Tourists represent shot-term gains, they’re there, spend a lot of money (hopefully) and then leave.  Locals represent long-term revenue, so if you screw with them you screw with your ability to make a consistent profit month to month and year to year.  At King’s Kurry, half of us were tourists, half were foreign locals, who probably will never go back.

The tandoori was good, it came on a large black triangular plate, if you’ve been heavily medicated, the tandoori will probably induce visions of UFOs and Martians coming to abduct you.  The tandoori was yummy, but not much better than what I’d cook at home with tandoori mix.  The rice was some of the best I’ve ever tried and the nan was also quite kick-ass.  I ordered the palak paneer with three chilies, and it was at my limit of hot. This is absolutely outstanding for Zurich, where most places are mild for the European palate.

After a sampling of the King’s Kurry experience, the taste in my mouth makes me feel that presentation was more prominent than quality.  I’m not an Indian chef, but I can dish out a chana masalla or dal without much of a second thought.  I guess this is generally true, it’s easy to cook an awesome meal at home, you go out for the atmosphere.  In the US I go to Indian restaurants because the food is generally not that expensive and usually quite tasty.  Considering that it’s made of basic ingredients and wait staff are usually all related, it makes sense that it should be cheaper.  Otherwise I cook Inidan at home because it’s fast, healthy, and cheap.  For Zurich it feels like a lot to drop a wad of cash on a palak paneer, plus rice, plus nan.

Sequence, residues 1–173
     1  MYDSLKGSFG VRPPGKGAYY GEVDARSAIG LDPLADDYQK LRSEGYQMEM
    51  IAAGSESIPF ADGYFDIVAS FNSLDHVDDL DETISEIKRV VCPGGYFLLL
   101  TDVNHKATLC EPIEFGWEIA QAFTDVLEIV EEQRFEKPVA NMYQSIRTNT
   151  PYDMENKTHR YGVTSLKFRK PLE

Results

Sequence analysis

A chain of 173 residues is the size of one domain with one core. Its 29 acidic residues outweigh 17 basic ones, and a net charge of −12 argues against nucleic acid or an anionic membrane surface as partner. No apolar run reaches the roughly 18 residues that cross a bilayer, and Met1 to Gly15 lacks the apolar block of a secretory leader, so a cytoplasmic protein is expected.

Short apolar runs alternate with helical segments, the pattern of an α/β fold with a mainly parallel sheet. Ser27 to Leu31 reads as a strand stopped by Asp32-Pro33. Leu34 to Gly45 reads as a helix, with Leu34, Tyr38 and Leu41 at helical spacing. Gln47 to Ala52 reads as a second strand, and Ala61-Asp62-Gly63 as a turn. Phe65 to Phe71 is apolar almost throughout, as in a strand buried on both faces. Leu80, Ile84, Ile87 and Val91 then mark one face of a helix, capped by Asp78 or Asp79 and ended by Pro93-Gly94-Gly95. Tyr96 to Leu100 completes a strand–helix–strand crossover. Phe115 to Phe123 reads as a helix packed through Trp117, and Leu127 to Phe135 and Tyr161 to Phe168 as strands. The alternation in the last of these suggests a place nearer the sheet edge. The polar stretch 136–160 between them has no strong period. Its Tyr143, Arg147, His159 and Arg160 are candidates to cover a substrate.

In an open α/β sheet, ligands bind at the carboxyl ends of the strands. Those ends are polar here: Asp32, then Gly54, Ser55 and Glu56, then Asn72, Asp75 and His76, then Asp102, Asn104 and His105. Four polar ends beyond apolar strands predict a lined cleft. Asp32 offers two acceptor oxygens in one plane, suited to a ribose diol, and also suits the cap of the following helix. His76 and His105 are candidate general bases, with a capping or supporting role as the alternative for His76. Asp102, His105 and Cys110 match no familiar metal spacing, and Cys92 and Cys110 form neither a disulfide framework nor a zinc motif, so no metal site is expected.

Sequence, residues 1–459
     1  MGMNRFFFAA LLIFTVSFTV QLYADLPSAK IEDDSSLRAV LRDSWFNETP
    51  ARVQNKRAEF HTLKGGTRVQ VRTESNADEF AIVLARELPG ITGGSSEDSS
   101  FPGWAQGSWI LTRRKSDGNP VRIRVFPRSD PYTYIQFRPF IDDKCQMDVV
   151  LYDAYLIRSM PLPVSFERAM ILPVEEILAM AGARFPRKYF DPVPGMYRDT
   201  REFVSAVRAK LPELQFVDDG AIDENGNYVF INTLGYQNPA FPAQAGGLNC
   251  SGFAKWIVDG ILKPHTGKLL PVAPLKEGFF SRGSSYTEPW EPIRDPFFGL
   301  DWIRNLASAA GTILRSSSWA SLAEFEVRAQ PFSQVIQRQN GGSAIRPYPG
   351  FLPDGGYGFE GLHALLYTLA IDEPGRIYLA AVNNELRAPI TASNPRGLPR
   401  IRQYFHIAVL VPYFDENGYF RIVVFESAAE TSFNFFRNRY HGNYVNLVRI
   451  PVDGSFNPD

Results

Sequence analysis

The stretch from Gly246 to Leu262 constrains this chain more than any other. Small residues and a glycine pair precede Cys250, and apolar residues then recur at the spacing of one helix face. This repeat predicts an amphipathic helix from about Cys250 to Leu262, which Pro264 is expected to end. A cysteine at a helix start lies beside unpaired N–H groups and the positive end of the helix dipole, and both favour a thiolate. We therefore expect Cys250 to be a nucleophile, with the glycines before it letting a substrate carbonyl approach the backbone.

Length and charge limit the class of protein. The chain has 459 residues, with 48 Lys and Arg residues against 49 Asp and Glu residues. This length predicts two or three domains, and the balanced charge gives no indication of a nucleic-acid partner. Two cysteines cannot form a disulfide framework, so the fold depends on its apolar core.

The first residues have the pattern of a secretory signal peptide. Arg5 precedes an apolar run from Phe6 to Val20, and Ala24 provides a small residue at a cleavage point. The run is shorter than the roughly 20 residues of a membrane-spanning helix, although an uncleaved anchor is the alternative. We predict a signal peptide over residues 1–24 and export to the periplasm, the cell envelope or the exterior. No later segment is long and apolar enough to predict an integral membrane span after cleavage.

When faced with the prospect of a future visit to King’s Kurry, I’d rather drop 250 CHF on a new dishes, a cook book, and recreate the the experience in the apartment.  Then the dinner would be more personal, and I wouldn’t leave wondering where all the money went.

Indian Palace left a completely different taste in my mind, although not the most originally named – Indian place (there’s many in Detroit) is my choice for going out in Zurich.  Inidan Palace is located at Schaffhauserstrasse 129  (map) near the Milchbuch tram stop.  The prices are about the same, a little less than King’s Kurry, but I enjoyed the experience far more.  I ordered palak paneer with potatoes, and the dinner was served in small bowls with a candle below to keep everything warm.  This is where King’s Kurry and India Palace diverge.  At India Palace the focus was on the excellent savory things we were eating – not on what the cutlery looked like.